The Rich Compost of Life...

...that gives birth to the new.

Throughout 2018 and into the winter of 2019, I composted my life.

What do I mean by that?

I let it all go.

I let go of the bulk of the business that supported me for 12 years.

I let go of my marriage.

I let go of my dreams of becoming a mother.

Here I was about to turn 45 and I was faced with the truth that not only would I soon be divorced without children, but I could also no longer bring myself to do the nutrition-related work that had been my financial foundation —which I’d spent countless hours and thousands of dollars building.

Holding onto these dreams was now too painful. I had spent 20 years of my adult life holding tightly and none of them were materializing in the way I envisioned.

I had to let go.

It was brutal. It was crushing. It was scary.

I had to surrender to the grief that I might not ever have children. That I might not ever have the relationship I dreamt of. I might not ever have the kind of impact I’d envisioned in helping people heal.

I couldn’t pour any more energy into any of it. So I let go.

What the composting looked like…

  1. I completely shut down my nutrition coaching work.

  2. My husband and I filed for divorce and moved through the most loving, most graceful separation and divorce I have ever known of.

  3. I let go of the idea of being a biological mother and began to consider the possibility I might, one day adopt a child on my own.

Then I went to Ireland at the end of April, with the intention to hit the proverbial “reset button.” When I got back, in the full swing of spring, I absolutely felt as though new life was beginning to emerge from the compost of the past.

The spring rebirth that the compost is bringing…

  1. I am finding greater clarity and commitment to my work in trauma and ancestral wound healing… helping people who know that their life/health challenges are connected to unresolved wounds (their own, or perhaps a parent or ancestor’s.)

  2. A new relationship appeared in my life in the most magical and unexpected way possible.

  3. This new relationship has brought a child into my life who is welcoming me into hers in the most beautiful way.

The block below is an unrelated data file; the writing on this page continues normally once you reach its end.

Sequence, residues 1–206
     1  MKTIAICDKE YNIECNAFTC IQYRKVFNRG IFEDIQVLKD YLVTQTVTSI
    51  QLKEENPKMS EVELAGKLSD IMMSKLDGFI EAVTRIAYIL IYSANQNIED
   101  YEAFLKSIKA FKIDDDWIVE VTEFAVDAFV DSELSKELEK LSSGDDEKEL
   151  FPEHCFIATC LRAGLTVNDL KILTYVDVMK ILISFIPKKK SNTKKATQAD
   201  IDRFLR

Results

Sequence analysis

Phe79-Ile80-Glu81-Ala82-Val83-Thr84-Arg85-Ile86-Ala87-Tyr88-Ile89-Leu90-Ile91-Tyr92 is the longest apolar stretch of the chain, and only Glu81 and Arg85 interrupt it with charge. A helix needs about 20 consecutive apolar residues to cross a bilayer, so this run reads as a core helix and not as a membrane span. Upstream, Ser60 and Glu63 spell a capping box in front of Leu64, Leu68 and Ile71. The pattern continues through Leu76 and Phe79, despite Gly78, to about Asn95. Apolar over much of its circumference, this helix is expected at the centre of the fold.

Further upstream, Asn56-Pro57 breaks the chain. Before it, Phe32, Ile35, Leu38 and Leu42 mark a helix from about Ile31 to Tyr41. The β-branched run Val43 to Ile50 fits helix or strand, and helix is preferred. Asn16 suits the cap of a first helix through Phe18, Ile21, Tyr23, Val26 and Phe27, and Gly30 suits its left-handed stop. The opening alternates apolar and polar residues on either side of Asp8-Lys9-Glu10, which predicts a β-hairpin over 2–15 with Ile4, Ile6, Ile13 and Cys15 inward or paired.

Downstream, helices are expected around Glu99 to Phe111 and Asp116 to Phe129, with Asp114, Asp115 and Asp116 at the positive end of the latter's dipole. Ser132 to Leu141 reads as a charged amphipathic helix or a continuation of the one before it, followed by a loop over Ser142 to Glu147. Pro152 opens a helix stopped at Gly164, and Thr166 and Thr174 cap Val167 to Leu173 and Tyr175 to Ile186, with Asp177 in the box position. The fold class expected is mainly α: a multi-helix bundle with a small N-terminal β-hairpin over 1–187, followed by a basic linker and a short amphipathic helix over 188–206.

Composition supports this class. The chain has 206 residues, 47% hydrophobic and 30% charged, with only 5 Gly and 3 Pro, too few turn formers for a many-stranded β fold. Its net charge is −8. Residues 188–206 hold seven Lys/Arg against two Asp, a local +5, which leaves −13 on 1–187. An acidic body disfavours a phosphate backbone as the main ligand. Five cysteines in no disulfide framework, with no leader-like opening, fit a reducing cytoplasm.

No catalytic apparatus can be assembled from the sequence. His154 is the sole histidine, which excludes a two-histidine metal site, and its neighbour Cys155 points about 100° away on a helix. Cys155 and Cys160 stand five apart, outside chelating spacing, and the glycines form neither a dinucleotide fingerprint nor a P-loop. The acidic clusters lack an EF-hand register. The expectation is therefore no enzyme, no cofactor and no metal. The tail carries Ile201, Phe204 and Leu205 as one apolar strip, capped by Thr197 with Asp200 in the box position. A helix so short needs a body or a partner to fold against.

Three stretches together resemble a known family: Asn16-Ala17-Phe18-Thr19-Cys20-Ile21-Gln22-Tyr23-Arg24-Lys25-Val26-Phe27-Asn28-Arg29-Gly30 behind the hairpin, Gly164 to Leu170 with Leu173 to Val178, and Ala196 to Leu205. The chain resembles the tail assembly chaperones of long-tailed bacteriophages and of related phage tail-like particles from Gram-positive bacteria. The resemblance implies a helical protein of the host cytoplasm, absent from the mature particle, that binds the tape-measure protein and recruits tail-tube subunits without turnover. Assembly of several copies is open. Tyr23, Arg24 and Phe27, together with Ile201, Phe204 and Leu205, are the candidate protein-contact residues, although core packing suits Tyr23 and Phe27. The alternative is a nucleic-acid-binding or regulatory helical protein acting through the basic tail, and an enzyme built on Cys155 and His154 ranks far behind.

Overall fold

It feels as though some aspects of my life I am tending-to as an intentional gardener, whereas others are emerging like robust wildflowers that popped out of seemingly nowhere.

The ease and flow of allowing —rather than forcing- is an ongoing lesson for me…

I am dumbfounded by the turn my life is taking. I am certain it is unfolding in this magical way because I was willing to let go. I surrendered to the grief. I surrendered to not knowing. I surrendered into the life I never wanted, only to see glimmers of the dream beginning to unfold.

It is easier to co-create with life when we flow with it, versus straining against the current. My husband had known it was time for us to release the relationship long before I did. I kept reaching for ways to make it work, when in reality, the relationship had completed its cycle.

For the better part of the past five years, I have known I was meant to let go of my nutrition coaching work. And yet, I resisted pulling the plug. It took the severe grief of my marriage ending for me to realize how much that work drained me rather than fed me, and why I could no longer do it.

Motherhood is a tough dream to let go of. And yet, I know I have the capacity to channel my creative energy into my work. I also know I can open up to different avenues to express the mothering love inside of me. I don’t know yet how things will unfold on this front, but the one thing I know for certain is this: holding rigidly to the dream of biological children would only serve to keep me in pain.

Before the rebirth there is only uncertainty.

It sounds lovely now that flowers are sprouting in my life, but that’s not where I was in the dead of winter.

Composting life, letting go, is a terrifying exercise of complete surrender into the unknown. I had no way of knowing what would unfold.

But it is also absolutely true that we cannot open our hands to receive the new if we hold our grip tightly around the old.